Building new, large-scale transmission is only necessary if what the state creates is giant wind fields or if the intention is actually to export wind power. Community-based energy development (or C-BED) tends to be dispersed, rather groves of a dozen or so turbines across many counties than a few big fields, with turbines in endless rows to the horizon. Dispersed wind generation does not in most cases require big new transmission spending.

It would be possible for public power to partner with a big developer, say Florida Power and Light, one of the major players in Minnesota and Iowa wind development. When wind resources are developed by big out-of-state corporations leasing wind rights from landowners, however, the payments top out at about $3,000 per megawatt—chump change, actually—and the profits go mostly out-of-state. Think about the generational poverty of the hill folks of Appalachia whose great-great-granddaddies all sold their mineral rights to Peabody Coal and other mining companies, and you get the picture.

By contrast, the C-BED model, as practiced in parts of Minnesota and Iowa, partners landowners, ag producers, schools, communities and so on with equity investors and returns substantial income to communities, income which multiplies many times over and fuels local economies. In 2007, the Nebraska Legislature passed the Rural Community Based Development Act (LB 629), paving the way for C-BED in Nebraska.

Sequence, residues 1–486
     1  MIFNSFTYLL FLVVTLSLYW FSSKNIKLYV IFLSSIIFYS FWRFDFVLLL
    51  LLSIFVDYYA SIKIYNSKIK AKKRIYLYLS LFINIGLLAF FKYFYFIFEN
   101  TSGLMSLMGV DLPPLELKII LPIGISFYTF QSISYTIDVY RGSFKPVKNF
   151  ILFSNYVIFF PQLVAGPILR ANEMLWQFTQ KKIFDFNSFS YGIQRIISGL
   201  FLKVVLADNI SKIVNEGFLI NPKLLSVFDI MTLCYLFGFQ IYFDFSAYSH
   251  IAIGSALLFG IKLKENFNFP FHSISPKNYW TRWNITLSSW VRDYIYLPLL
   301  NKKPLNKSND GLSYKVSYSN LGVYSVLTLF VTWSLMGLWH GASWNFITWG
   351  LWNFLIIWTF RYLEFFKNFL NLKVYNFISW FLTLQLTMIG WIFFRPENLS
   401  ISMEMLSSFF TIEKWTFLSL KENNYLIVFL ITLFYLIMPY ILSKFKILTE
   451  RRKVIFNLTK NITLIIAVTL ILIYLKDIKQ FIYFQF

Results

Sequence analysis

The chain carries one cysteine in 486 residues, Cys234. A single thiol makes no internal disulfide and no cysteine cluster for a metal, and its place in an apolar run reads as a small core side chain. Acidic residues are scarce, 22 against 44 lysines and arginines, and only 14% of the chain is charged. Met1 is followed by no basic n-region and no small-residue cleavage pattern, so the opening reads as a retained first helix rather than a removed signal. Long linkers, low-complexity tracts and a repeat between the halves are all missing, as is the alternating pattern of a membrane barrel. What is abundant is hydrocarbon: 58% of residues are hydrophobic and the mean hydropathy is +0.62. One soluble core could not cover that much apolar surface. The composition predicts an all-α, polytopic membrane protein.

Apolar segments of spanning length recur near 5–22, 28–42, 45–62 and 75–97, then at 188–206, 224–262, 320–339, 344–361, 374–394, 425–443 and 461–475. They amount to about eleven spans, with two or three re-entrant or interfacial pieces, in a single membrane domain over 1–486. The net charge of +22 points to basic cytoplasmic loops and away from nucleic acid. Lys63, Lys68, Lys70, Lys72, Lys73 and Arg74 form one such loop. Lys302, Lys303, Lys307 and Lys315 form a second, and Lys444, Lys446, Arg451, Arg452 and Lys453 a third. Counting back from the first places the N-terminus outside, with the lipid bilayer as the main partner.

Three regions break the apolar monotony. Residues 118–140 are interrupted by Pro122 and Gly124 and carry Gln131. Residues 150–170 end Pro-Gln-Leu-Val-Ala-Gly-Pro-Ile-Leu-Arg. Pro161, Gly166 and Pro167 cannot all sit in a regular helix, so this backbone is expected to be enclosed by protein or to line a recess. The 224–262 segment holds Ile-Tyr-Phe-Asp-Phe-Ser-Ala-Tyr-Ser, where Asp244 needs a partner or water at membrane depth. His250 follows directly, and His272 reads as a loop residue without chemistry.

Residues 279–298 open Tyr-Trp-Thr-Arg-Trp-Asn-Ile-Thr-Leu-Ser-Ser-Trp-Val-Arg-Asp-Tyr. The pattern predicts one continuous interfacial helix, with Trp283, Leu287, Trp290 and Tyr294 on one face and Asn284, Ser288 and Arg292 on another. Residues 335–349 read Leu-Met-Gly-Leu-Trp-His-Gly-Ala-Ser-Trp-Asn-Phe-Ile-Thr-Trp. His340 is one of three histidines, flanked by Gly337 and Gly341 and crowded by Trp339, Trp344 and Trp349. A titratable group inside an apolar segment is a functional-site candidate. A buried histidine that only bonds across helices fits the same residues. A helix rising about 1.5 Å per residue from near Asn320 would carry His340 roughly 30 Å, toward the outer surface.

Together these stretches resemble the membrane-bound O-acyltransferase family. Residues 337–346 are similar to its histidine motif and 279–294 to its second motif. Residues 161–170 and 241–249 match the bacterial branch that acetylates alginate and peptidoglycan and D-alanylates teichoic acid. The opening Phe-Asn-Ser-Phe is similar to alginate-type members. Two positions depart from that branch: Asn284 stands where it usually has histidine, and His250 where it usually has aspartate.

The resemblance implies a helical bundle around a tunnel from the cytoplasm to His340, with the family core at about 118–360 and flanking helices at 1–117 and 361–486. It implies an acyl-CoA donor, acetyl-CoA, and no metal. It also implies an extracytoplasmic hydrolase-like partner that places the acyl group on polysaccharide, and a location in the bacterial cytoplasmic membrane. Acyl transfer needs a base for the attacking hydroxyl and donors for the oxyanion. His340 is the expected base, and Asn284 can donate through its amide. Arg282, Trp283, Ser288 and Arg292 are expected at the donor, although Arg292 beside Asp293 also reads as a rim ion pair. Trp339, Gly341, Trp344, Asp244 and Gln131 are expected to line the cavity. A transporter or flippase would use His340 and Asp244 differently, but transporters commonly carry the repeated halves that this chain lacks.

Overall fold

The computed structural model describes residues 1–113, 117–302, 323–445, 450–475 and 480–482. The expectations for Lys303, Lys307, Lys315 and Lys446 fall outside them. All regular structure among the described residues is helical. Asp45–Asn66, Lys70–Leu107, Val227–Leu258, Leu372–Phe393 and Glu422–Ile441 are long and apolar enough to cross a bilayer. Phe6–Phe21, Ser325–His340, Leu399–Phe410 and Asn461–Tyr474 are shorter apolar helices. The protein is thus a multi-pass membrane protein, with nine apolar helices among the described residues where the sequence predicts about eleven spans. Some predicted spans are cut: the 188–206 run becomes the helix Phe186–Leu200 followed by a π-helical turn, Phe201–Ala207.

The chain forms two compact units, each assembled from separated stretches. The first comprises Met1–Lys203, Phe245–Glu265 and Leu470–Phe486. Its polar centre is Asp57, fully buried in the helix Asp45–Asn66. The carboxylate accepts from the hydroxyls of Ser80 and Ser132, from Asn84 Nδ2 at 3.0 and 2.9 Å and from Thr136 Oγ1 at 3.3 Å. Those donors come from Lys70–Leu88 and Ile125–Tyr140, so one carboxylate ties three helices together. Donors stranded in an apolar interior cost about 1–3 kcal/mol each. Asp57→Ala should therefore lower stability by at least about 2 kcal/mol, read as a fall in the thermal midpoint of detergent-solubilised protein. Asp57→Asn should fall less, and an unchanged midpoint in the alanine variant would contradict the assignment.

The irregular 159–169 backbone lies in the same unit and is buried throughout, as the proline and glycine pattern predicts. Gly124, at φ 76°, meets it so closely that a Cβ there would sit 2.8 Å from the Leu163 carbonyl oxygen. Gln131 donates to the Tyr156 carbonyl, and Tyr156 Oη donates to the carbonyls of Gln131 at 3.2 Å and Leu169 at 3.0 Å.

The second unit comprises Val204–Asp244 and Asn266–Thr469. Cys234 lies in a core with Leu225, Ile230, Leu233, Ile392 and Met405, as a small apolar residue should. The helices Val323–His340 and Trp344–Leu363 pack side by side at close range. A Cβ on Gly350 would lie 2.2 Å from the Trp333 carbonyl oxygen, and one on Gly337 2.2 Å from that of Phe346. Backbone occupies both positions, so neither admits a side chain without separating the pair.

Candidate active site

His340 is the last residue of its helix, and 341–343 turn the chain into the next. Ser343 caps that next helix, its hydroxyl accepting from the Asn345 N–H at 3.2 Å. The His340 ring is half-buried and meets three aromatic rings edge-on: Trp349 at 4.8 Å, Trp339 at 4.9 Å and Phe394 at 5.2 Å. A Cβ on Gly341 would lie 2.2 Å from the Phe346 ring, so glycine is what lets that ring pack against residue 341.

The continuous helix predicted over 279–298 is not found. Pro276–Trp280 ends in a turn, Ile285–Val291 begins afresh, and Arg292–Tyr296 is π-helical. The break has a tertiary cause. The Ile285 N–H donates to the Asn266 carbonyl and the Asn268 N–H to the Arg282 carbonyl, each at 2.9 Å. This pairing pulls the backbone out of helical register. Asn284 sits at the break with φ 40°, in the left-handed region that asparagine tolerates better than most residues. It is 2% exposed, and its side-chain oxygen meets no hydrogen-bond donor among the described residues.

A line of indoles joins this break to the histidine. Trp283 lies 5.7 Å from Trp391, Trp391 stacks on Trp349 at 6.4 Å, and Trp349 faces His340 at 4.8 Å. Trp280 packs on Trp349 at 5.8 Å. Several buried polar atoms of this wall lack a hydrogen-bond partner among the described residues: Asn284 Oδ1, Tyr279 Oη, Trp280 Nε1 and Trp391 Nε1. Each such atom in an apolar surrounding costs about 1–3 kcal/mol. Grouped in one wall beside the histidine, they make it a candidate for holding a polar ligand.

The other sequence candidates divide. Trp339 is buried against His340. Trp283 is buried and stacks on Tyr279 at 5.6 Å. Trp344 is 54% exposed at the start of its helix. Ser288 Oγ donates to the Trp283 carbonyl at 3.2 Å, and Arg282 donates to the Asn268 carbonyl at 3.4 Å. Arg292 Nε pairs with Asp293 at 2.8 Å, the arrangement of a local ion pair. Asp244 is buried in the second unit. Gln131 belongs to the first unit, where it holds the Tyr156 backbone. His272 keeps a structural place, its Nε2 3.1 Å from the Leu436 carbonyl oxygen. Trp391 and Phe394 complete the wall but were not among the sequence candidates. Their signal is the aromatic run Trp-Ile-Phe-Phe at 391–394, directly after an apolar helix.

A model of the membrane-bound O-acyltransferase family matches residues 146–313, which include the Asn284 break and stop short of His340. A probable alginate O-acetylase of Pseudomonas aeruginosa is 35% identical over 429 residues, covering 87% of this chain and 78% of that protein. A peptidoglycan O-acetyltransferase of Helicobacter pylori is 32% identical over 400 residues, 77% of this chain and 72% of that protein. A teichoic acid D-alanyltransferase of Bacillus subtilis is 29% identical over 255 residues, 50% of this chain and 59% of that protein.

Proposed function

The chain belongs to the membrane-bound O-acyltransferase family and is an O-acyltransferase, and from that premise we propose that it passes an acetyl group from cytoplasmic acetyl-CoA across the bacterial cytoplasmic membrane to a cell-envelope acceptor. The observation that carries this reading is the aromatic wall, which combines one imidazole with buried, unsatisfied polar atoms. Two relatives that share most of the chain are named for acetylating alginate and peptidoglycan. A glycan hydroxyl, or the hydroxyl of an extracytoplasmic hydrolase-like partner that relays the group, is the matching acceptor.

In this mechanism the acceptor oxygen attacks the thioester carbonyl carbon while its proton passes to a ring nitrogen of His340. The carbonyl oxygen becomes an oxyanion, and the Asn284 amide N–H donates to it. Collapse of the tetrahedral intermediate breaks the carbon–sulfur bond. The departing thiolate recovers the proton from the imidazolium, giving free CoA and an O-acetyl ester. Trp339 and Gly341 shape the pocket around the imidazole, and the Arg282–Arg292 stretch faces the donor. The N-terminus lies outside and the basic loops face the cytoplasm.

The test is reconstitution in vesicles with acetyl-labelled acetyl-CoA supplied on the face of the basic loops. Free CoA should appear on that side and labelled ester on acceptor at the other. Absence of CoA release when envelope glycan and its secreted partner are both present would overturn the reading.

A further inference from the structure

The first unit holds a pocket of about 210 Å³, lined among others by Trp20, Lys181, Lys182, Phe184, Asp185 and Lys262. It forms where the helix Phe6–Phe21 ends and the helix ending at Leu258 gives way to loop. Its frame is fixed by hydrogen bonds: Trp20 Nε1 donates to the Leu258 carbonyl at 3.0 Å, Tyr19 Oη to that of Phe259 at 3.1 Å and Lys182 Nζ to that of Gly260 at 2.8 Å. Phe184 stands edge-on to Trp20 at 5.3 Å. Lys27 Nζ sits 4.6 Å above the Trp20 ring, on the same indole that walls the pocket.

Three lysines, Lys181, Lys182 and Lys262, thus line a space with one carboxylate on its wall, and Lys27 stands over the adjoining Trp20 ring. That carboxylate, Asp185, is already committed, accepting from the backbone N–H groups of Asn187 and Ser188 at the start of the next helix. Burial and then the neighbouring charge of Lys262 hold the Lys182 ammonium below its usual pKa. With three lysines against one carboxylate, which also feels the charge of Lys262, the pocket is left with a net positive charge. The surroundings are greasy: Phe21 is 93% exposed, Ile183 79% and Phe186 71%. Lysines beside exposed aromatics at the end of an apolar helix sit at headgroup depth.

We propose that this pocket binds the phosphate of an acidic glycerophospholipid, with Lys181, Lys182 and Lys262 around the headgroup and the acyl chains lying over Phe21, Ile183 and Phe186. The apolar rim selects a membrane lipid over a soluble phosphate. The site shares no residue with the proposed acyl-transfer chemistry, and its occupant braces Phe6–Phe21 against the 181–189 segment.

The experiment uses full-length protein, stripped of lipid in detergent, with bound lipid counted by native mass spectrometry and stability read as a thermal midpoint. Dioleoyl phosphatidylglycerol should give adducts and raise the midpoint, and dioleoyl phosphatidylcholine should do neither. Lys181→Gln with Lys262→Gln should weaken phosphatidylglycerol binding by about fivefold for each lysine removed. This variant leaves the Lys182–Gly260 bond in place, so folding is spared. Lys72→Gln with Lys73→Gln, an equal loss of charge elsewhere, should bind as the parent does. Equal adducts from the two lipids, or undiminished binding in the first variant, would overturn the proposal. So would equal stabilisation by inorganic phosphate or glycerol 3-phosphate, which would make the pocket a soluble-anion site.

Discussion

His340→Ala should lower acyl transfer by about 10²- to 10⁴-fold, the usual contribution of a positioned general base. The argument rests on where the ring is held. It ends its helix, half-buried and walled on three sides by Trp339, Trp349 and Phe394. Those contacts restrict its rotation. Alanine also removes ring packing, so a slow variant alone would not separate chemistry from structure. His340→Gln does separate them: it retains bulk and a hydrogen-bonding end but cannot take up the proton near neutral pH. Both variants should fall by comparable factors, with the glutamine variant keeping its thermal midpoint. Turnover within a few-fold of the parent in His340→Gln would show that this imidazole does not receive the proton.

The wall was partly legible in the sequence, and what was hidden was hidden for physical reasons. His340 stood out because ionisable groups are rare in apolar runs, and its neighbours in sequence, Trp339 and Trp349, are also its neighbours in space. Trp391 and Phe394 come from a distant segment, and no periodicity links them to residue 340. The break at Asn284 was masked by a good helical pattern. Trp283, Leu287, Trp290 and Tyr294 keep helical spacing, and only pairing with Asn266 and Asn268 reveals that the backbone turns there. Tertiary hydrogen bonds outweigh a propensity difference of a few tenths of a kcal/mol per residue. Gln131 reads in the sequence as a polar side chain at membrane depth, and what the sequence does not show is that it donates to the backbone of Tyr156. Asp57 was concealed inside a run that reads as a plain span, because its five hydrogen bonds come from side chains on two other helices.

LB 629 directs electric utilities to enter into power purchase agreements with C-BED developers. This act defines a C-BED project as a new wind-energy project that meets certain ownership criteria. “Qualified owners” must be Nebraska residents or a limited liability company made up of Nebraska residents, a Nebraska nonprofit organization, any of the state’s top four electric suppliers (LES, NPPD, OPPD or Tri-State) or a tribal council. For projects with more than two turbines, no single qualified owner can own more than 15 percent of the project, with 33 percent of the power-purchase-agreement payments to the qualified owners or to the local community. Projects with one or two turbines are owned by one qualified owner or more, with at least 33 percent of the power-purchase-agreement payments flowing to the owners or to the local community.

Several C-BED projects have already been approved for the northern tier of counties and more are in the pipeline for consideration. In early August, Third Planet, a corporation approved to develop a wind project, released a statement indicating that C-BED is the favored model in Nebraska, so the corporation will be offering landholders the chance to invest. These are promising developments for consumers, for state economic development and for the environment, and here’s why: